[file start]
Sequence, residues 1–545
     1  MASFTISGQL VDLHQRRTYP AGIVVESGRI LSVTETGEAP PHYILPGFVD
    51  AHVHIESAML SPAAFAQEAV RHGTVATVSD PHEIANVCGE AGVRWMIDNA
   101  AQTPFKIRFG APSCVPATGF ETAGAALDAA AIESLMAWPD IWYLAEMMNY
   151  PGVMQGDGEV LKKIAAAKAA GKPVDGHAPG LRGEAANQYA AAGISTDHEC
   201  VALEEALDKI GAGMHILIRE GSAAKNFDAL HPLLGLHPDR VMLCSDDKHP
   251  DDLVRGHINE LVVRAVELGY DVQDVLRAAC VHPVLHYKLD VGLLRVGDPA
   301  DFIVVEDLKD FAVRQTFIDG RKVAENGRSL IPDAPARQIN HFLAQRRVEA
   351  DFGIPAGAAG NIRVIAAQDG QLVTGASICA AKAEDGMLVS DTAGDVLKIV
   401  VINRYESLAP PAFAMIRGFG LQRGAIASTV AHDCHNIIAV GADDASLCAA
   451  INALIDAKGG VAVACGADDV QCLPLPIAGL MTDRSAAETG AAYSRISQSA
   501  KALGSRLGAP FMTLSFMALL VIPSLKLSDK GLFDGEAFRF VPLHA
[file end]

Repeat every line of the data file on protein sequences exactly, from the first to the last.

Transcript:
Sequence, residues 1–545
     1  MASFTISGQL VDLHQRRTYP AGIVVESGRI LSVTETGEAP PHYILPGFVD
    51  AHVHIESAML SPAAFAQEAV RHGTVATVSD PHEIANVCGE AGVRWMIDNA
   101  AQTPFKIRFG APSCVPATGF ETAGAALDAA AIESLMAWPD IWYLAEMMNY
   151  PGVMQGDGEV LKKIAAAKAA GKPVDGHAPG LRGEAANQYA AAGISTDHEC
   201  VALEEALDKI GAGMHILIRE GSAAKNFDAL HPLLGLHPDR VMLCSDDKHP
   251  DDLVRGHINE LVVRAVELGY DVQDVLRAAC VHPVLHYKLD VGLLRVGDPA
   301  DFIVVEDLKD FAVRQTFIDG RKVAENGRSL IPDAPARQIN HFLAQRRVEA
   351  DFGIPAGAAG NIRVIAAQDG QLVTGASICA AKAEDGMLVS DTAGDVLKIV
   401  VINRYESLAP PAFAMIRGFG LQRGAIASTV AHDCHNIIAV GADDASLCAA
   451  INALIDAKGG VAVACGADDV QCLPLPIAGL MTDRSAAETG AAYSRISQSA
   501  KALGSRLGAP FMTLSFMALL VIPSLKLSDK GLFDGEAFRF VPLHA